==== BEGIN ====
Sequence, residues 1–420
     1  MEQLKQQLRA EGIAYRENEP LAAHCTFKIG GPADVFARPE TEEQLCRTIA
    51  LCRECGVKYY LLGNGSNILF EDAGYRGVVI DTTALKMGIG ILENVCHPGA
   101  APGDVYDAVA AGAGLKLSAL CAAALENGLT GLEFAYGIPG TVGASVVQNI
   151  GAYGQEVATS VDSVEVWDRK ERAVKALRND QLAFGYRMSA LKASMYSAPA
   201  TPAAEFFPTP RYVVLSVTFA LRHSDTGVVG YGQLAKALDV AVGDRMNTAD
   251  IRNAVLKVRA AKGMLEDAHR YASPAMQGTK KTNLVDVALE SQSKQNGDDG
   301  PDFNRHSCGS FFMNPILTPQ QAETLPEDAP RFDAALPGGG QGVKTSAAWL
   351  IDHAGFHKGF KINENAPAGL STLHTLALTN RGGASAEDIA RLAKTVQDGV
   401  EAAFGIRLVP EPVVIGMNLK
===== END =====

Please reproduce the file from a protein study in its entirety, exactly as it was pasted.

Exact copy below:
Sequence, residues 1–420
     1  MEQLKQQLRA EGIAYRENEP LAAHCTFKIG GPADVFARPE TEEQLCRTIA
    51  LCRECGVKYY LLGNGSNILF EDAGYRGVVI DTTALKMGIG ILENVCHPGA
   101  APGDVYDAVA AGAGLKLSAL CAAALENGLT GLEFAYGIPG TVGASVVQNI
   151  GAYGQEVATS VDSVEVWDRK ERAVKALRND QLAFGYRMSA LKASMYSAPA
   201  TPAAEFFPTP RYVVLSVTFA LRHSDTGVVG YGQLAKALDV AVGDRMNTAD
   251  IRNAVLKVRA AKGMLEDAHR YASPAMQGTK KTNLVDVALE SQSKQNGDDG
   301  PDFNRHSCGS FFMNPILTPQ QAETLPEDAP RFDAALPGGG QGVKTSAAWL
   351  IDHAGFHKGF KINENAPAGL STLHTLALTN RGGASAEDIA RLAKTVQDGV
   401  EAAFGIRLVP EPVVIGMNLK